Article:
Rome: The first institute for the human sciences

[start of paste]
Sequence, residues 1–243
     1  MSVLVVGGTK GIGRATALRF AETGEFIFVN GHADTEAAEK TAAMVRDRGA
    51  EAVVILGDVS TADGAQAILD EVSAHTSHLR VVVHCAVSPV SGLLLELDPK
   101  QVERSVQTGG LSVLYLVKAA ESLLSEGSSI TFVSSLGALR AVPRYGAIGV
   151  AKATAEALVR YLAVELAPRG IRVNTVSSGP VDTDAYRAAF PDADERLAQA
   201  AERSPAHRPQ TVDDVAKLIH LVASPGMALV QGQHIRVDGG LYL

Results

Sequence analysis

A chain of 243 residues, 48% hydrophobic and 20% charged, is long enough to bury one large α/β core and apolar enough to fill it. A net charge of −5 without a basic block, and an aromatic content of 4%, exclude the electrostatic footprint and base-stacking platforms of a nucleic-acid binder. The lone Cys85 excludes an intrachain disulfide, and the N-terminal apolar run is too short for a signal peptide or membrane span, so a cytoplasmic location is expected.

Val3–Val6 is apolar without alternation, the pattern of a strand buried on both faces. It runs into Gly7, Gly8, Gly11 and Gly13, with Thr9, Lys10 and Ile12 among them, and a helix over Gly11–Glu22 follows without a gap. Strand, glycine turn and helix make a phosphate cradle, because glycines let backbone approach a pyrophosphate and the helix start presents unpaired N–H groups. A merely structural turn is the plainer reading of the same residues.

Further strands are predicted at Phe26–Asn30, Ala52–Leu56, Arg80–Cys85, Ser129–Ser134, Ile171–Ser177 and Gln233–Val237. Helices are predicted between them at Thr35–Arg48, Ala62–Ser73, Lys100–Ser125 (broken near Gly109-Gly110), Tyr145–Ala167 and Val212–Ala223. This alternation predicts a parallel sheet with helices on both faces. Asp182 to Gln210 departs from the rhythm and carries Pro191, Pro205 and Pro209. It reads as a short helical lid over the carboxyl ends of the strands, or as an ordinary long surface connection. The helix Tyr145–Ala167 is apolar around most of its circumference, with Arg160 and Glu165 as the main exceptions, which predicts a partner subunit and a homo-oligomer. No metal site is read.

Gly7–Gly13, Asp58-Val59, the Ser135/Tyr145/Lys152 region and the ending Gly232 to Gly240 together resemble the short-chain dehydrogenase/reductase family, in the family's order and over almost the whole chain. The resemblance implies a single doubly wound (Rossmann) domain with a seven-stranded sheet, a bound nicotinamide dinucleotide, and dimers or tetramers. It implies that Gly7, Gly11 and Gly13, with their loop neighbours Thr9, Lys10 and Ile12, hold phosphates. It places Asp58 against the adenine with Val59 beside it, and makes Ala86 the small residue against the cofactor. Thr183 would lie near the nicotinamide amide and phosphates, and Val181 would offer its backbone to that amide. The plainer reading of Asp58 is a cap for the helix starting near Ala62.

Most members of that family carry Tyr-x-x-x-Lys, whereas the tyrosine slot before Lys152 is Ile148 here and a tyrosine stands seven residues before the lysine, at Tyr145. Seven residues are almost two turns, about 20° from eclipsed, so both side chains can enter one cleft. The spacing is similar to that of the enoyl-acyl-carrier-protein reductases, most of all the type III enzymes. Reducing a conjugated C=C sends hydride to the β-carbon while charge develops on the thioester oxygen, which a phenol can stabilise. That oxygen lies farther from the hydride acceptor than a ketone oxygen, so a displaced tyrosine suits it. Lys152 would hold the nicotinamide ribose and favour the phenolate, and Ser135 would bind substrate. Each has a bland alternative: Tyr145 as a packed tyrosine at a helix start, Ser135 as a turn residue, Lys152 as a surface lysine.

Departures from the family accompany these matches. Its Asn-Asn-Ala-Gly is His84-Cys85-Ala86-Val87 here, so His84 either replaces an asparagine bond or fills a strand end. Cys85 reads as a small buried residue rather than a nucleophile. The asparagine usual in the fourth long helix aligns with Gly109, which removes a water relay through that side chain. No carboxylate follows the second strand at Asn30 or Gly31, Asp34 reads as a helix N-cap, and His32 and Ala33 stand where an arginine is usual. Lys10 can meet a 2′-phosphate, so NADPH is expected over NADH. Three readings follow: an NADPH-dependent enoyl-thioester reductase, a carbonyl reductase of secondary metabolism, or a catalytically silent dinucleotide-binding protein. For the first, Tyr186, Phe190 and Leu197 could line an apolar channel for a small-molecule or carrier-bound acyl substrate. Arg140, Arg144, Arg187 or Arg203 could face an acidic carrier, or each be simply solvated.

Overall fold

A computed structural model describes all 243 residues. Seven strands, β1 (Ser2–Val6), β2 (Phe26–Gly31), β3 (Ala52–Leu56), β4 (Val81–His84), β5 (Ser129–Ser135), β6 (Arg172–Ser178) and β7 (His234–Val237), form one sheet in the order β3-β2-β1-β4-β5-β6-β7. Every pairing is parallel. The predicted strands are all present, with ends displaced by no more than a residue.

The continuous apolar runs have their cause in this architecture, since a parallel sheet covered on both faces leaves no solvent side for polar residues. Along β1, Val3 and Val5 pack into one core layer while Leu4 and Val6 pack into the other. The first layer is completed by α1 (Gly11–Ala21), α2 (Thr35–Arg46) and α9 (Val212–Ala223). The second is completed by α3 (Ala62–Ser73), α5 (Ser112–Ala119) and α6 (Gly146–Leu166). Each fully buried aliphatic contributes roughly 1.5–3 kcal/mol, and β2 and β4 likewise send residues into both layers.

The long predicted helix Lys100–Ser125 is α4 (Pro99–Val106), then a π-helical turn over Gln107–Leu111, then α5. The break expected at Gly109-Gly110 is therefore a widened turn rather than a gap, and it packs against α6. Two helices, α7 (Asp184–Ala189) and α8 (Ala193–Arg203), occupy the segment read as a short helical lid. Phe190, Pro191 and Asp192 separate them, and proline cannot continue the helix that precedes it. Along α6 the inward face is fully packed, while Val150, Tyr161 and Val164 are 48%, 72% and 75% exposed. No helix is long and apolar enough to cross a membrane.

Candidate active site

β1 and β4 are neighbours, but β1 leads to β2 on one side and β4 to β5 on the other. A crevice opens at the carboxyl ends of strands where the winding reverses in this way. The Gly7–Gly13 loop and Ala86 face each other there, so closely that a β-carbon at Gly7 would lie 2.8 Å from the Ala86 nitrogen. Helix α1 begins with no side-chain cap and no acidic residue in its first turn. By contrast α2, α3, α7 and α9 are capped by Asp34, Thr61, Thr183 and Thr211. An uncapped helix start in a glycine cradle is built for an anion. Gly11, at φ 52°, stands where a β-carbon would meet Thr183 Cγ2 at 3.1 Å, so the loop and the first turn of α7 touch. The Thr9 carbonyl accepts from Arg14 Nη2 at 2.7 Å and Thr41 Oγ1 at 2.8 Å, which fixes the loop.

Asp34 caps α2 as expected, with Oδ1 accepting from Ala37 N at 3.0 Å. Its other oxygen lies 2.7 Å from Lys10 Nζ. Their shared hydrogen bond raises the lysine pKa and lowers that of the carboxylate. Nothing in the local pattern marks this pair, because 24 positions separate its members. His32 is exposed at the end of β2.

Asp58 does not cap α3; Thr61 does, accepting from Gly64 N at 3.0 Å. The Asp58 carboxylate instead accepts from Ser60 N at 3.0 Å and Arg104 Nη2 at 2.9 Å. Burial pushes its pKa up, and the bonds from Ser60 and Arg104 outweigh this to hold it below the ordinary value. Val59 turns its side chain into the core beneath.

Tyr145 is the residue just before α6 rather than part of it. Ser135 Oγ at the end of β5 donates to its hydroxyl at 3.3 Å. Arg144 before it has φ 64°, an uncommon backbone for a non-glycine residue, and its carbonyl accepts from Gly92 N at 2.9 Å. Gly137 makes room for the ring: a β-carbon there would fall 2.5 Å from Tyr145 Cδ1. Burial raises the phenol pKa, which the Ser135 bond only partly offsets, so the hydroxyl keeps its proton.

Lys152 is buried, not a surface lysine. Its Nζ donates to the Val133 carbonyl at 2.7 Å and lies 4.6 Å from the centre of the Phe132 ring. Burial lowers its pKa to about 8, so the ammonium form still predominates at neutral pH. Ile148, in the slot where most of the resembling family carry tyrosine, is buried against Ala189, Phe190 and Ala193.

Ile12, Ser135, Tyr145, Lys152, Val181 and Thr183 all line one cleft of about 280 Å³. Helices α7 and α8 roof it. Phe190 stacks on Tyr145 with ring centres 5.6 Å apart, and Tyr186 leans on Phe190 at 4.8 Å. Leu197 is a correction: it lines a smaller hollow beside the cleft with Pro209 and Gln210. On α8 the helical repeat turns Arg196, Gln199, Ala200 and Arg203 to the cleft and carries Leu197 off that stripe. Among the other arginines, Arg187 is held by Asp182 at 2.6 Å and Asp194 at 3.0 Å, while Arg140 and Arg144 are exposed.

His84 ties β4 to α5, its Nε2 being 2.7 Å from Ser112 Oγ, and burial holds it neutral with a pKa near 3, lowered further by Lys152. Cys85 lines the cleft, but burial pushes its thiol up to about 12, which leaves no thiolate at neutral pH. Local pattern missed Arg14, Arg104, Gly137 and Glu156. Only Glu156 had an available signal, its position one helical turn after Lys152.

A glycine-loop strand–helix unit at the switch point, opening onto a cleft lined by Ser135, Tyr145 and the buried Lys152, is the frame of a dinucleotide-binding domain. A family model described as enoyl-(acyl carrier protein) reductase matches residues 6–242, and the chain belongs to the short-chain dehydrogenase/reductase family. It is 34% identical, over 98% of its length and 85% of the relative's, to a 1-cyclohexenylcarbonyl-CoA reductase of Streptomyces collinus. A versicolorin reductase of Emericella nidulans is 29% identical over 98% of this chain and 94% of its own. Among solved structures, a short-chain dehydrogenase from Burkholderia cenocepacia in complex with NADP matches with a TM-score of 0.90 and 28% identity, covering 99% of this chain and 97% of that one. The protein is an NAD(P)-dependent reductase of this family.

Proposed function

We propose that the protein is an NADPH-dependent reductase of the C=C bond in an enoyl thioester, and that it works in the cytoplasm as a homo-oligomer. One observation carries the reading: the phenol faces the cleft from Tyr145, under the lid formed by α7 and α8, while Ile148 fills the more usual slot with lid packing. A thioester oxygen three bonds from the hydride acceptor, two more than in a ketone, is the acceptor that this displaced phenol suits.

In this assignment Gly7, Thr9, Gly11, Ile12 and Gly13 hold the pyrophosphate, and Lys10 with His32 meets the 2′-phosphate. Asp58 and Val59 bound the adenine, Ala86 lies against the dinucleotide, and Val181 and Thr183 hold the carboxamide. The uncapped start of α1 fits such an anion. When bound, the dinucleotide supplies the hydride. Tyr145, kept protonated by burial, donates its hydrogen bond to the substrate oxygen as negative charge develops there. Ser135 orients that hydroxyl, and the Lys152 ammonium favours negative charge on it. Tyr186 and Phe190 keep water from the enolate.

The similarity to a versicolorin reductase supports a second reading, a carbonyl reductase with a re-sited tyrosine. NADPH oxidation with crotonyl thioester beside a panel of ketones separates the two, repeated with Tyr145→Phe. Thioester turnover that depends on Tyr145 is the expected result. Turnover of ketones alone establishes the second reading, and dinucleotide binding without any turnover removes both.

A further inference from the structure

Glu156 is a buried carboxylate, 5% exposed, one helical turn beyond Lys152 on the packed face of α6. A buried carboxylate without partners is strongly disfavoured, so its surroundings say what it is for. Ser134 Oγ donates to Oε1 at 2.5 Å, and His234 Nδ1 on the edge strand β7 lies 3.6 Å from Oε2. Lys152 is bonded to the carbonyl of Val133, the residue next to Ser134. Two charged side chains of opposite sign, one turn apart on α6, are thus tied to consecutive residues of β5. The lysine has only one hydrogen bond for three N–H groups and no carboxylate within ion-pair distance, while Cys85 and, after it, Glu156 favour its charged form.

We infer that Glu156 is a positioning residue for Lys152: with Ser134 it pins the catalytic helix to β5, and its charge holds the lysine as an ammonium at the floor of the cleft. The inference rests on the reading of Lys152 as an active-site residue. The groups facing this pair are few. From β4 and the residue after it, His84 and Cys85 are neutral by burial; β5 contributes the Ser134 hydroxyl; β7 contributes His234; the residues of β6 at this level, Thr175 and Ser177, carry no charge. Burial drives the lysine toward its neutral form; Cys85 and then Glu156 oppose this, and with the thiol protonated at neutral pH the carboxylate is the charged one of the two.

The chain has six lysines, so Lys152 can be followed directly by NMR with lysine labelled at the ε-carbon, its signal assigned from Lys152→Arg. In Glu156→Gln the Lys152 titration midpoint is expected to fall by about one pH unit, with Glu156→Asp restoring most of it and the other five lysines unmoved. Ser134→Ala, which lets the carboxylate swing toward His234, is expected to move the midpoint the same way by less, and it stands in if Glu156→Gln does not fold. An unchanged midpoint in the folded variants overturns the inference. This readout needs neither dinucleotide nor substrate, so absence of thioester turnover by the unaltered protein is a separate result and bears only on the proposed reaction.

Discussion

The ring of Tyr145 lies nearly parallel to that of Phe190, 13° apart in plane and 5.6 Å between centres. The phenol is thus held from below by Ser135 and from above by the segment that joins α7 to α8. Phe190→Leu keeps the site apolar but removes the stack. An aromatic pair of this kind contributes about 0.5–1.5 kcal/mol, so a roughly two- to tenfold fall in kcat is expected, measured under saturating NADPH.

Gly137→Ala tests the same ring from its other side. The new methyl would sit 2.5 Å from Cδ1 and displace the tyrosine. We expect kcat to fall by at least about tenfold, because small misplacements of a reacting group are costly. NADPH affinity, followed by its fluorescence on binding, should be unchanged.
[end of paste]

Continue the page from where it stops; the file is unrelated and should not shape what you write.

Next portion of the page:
The young Society received a bequest from the Jewish art collector Henriette Hertz in the form of the Palazzo Zuccari in Rome, together with a significant amount of endowment funding. Henriette Hertz had built up an impressive library in Rome. The Institute of Art History was to be named “Bibliotheca Hertziana” in her honour and dedicated primarily to studying the Renaissance. Even before its “soft opening", the Institute hosted the International Congress of Art History in October 1912. Following Italy’s entry into the war, research at the Bibliotheca Hertziana came to a halt in 1915 and only resumed in 1920. A Kaiser Wilhelm Institute for German History, which was also originally to be based in Rome, was planned as another institute dedicated to the human sciences. The Institute began its work on 1 October 1917 on the premises of the Royal Library in Berlin. Its first Director was the historian Paul Fridolin Kehr. In 1924, a resolution was passed to found the first institute for legal studies: the Institute for Comparative Public Law and International Law. In 1926, the Institute for Comparative and International Private Law, also began its work in the Berlin Palace.